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The girls get barefoot and pregnant.

Charlotte squeezed back.

The entire room sat in tense silence, save for scattered quite comments in the audience, until the employee returned with a game board held aloft, top side out of sight, and the announcer spoke again.

"We're ready to begin." The announcer intoned. "Tonight's game is a classic that even so sees comparatively little play here in the west. I give you, the eternal eastern contest of wit, Go."

The employee lowered the board to the table, revealing a large wooden grid of squares and two large piles of black and white stones.

"We understand that some of you may not be as familiar with Go as with last night's game of Chess. Allow us a moment to remind you of the rules.

  1. There will be no handicaps, so the board will start empty.



  2. Black makes the first move. You'll notice, once again, that it's ladies first. For the far table, age before beauty.



  3. On your turn, you may place one of your stones on an empty intersection on the board.



  4. You may pass at any time.



  5. A stone or connected group of stones is captured, and removed from the board, when all intersections directly adjacent to the stone or group are occupied by the enemy



  6. No stone may be played to recreate a former board position



  7. Two consecutive passes ends the game



  8. At game's end, the player with the most territory wins. Your territory is all the intersections your stones either occupy or surround.



"Begin."

McCurdy looked at the black stones in front of him and smirked. After a moment's consideration, he placed his first stone dead-center.

Frank breathed a small sigh of relief. He'd never played Go before, but one of the articles he read earlier had covered it briefly. In particular, most strong positions started three spaces from a corner. Unless this guy just happened to be a Go expert, the "tic-tac-toe" strategy meant he likely didn't know the game either.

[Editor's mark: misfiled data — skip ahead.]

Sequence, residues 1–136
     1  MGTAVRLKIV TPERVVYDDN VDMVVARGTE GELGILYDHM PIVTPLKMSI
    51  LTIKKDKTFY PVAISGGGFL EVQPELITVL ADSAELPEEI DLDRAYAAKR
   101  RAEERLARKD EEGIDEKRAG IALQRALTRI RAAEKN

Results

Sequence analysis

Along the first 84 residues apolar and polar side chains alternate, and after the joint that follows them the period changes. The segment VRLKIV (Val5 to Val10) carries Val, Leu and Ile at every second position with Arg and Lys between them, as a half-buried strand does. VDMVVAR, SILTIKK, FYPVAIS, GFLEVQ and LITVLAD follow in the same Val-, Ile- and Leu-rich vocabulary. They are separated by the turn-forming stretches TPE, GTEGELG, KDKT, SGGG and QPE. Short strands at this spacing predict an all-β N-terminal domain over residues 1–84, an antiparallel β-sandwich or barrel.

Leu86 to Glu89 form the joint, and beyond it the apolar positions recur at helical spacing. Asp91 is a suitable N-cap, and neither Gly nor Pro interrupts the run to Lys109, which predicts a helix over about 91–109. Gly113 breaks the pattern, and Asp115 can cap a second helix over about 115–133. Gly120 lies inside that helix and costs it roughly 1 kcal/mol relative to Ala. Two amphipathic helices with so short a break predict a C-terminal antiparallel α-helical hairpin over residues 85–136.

Frank placed his first stone three spaces from the near left corner, as he'd read, and waited for McCurdy's next move.

It quickly became clear that Joe McCurdy was no Go expert. He started the game by attempting to rope off the entire far left corner of the board (his near right), which Frank suspected would prove impossible to defend. Rather than attack right away, Frank elected to secure some territory of his own. As McCurdy built his wall stone-by-stone, Frank cordoned off a triangle by placing stones diagonally, first up and to the right, then down and to the right. He finished both diagonal edges of the triangle before his opponent even reached one edge from the center.

Rather than finish the triangle now, Frank decided to go on the offensive. He could always complete the triangle later, he reasoned, and it should be difficult for McCurdy to take from within. He began carving a path toward the center, placing stones every other intersection from the forward tip of his triangle. Of course, he could have immediately placed stones adjacent to the center, but Frank suspected those would be easily captured. The alternating strategy, he reasoned, would spread quickly, but any stone black stone placed in the gaps would already be half surrounded by his whites.

Unfortunately, Frank miscalculated.

When Frank was three hops from the center, McCurdy counterattacked. As expected, he placed a stone between Frank's leading piece and the one preceding it. Frank quickly responded with a third white stone on the black piece's left, leaving only one open vertex on the right to prevent it from being surrounded.

McCurdy saw it too. Crude though he might have been, he clearly wasn't stupid.

Frank's adversary placed another black on the remaining side, creating three open spaces where there had previously been just one. Frank responded by placing blocking the next space to the right, but he needed at least two moves to capture.

McCurdy took the opportunity to counterattack, placing his next black stone in the top left

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